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Neeru Bhatia
Neeru Bhatia


Best served chilled

52RohitSharma Rohit Sharma | Salil Bera

Rohit Sharma is in the groove, and that is good news for Team India

Rohit Sharma has changed. And, it is not just about his game. The dashing Indian opener has shed a few kilos and now sports a beard and a moustache, which seems to be on its way to giving serious competition to the one sported by his opening partner Shikhar Dhawan.

In all, there is a 'feel good' air about Rohit. His prolific performances in One-Day Internationals and Twenty20s have made him one of the most dangerous, high-impact batsmen in recent times.

What's behind the change? “I think it’s the marriage. Certainly people are talking about that!” he quips, with a laugh.

Rohit married his girlfriend Ritika Sajdeh in December last year. “It is my space which has gone. Ritika’s things have taken over my bathroom. I feel the change most in this aspect,” he said, when pestered by a fan during a Facebook chat, just ahead of India’s match against New Zealand in the ICC World Twenty20 Championships.

Rohit has no qualms taking personal questions and discussing his past failures and present successes. No wonder that people associated with him define him in two words: chilled out.

Rohit made his ODI debut in June 2007 and his T20 debut two months later on the basis of his sheer talent and performances in domestic cricket and the 2006 Under-19 World Cup. The first six years of his international career, however, failed to sparkle. Stellar innings were sporadic.

In 2011, selectors left him out of the team that won the ICC World Cup at home. He returned to Team India as a replacement in 2013. Then began a new phase in the Mumbaikar’s cricketing life.


Rohit, 28, soon evolved as a match-winner. One key factor was that he found his niche as an opener. Post Sachin Tendulkar's retirement and as players such as Yuvraj Singh lost their slots, the team management backed Rohit as an opener.

“Since I started batting at top of the order, I have known that there is the responsibility of batting 20 or 50 overs,” he says. “Since one has the opportunity, one can take time to settle in. Over the years, I have understood that. I have corrected mistakes, I think about shot selection a lot more now.”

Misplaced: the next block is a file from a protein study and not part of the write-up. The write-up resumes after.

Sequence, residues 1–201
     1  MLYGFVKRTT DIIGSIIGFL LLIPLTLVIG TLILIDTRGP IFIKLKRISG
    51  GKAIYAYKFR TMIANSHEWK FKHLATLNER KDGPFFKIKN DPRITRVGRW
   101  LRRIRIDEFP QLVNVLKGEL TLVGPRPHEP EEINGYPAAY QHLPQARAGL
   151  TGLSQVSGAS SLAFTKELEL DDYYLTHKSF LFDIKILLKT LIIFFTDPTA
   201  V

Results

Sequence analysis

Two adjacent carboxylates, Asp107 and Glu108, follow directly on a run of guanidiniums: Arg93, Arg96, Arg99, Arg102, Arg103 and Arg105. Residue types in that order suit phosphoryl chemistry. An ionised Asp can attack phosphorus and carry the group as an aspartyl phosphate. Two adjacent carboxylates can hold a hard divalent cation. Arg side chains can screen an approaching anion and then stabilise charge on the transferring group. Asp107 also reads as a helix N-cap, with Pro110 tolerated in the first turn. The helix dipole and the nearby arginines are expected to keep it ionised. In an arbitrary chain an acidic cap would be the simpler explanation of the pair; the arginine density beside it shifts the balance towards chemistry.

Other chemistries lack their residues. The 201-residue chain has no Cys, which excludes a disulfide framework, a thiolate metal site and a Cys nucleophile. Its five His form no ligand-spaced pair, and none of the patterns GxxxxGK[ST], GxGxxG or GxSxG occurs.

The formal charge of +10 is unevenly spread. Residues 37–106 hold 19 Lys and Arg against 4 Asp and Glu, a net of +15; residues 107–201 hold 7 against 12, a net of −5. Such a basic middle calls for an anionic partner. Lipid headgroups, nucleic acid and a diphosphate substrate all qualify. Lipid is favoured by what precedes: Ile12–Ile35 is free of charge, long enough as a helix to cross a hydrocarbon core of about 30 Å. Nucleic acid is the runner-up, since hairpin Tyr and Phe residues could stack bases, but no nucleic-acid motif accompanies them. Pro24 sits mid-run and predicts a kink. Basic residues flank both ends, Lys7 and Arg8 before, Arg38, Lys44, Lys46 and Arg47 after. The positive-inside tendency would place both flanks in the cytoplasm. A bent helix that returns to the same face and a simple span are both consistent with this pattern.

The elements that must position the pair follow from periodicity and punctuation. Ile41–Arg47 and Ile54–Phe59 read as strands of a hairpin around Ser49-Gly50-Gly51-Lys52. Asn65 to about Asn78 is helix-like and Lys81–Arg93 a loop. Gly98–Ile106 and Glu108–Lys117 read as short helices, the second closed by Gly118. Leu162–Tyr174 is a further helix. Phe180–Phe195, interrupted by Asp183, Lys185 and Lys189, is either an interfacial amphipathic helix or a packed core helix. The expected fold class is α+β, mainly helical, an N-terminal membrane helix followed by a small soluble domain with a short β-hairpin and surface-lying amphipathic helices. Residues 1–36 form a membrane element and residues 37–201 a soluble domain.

Rohit, however, has no plans to change his natural game. “If I see the ball, and if it is in my arc, I will still go for the shot. In the process, I might get out,” he says.

Interestingly, akin to Sachin, Rohit was keen on becoming a bowler in his growing years. Like Dennis Lillee did in Sachin's case, Rohit's coach and mentor Dinesh Lad steered him towards batting.

NOWADAYS, ROHIT IS more self-tutored. “He was always mentally secure when it came to the skill aspect of his game,” says close friend and Mumbai teammate Abhishek Nayar. “Post 2011, he worked hard on his physical fitness. He lost weight, and mentally felt good. Opening the batting, too, gave him quite a bit of confidence. All these changed things completely.”

Team India director Ravi Shastri says, “It has been just a case of mind over matter. There is a lot of self-belief in him.”

In lean times, the best are known to head back to the drawing board and dissect each aspect of their game, but not Rohit. “He is not the kind of guy who talks a lot about his game,” says Abhishek. “He knows what his batting strengths are. He was pretty secure in knowing how to get runs; it was just about making sure he was mentally in a good space. What you see now is the result of the fact that he is secure about his position and career.”

Rohit, whose roots are in Dombivli, now lives in a swanky apartment in Bandra. He spent a large part of his childhood away from his parents, and was with his uncles in Borivali, so that he could train well.

Friends recall him being easygoing and undemanding—traits he displays even now. When asked what upsets him the most while batting, he thinks hard and scratches his head. “The movement behind the sight screen,” he says.

One hallmark of Rohit’s personality is, in his own words, “the ability to look ahead”. He is not the kind who would go into a shell, mope about or get carried away.

Even as he reflects on his past failures, there is no trace of dejection. “At that point, you are a rookie and do not understand your game much,” says Rohit. “There are guys who understand it pretty early in their careers, but I was not one of them. I certainly took a lot of time. I know my game now, I understand it really better. I always look forward.”

Abhishek describes his mate's chill-out nature best. “Rohit is someone who can forget a good innings as quickly as a bad one. He never gets overexcited about his performance,” he says. “He just looks to enjoy his cricket.”

Take the way Rohit reacted to a question on being 'in the zone' post the recent T20 against Sri Lanka in Ranchi. “I do not want to think that I am in the form of my life. I just want to continue doing the same,” he said. “When you have got something going for you, you hold on to it and keep looking forward. Every game I play, I leave it behind me.”

For now, Hitman Rohit, who loves eating out with friends and his wife, and exploring new places, is in a zone of his liking—marital bliss, consistent form; enjoying life, enjoying cricket. And, that is good news for Team India.

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